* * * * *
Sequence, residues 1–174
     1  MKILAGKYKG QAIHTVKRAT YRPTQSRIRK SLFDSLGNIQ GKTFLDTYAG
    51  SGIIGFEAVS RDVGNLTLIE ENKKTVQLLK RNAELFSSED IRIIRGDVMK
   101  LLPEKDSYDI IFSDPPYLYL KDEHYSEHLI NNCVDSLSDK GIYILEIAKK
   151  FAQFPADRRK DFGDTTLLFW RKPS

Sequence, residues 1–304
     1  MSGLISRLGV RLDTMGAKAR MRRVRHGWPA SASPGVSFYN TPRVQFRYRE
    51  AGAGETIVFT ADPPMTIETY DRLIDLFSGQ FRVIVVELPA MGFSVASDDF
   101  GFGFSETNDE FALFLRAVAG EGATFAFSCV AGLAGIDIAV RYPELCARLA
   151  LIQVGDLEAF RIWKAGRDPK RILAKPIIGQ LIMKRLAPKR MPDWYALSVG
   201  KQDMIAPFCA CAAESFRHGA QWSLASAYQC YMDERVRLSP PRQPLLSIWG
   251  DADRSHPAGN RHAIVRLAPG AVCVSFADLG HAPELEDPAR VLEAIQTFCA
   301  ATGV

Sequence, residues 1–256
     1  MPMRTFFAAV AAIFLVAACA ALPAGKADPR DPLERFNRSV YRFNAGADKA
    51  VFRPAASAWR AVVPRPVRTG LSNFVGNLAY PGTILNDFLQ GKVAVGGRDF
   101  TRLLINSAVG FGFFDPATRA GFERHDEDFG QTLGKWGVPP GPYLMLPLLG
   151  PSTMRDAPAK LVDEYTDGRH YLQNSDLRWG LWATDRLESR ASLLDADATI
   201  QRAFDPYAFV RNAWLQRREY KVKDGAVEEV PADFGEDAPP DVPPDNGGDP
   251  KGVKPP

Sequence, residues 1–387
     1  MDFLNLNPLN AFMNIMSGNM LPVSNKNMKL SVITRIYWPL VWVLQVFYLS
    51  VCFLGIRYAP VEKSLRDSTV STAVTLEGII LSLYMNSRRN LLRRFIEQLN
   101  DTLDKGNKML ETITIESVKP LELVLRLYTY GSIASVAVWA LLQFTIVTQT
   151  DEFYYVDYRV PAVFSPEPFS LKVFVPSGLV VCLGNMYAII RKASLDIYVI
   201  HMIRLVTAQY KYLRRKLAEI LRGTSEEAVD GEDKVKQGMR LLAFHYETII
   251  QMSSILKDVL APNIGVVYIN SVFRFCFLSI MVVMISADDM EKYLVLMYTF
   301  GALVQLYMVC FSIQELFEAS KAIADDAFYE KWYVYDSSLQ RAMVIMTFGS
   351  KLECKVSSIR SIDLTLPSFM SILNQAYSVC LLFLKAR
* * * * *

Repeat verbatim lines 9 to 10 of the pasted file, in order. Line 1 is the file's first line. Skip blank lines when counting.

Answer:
   101  GFGFSETNDE FALFLRAVAG EGATFAFSCV AGLAGIDIAV RYPELCARLA
   151  LIQVGDLEAF RIWKAGRDPK RILAKPIIGQ LIMKRLAPKR MPDWYALSVG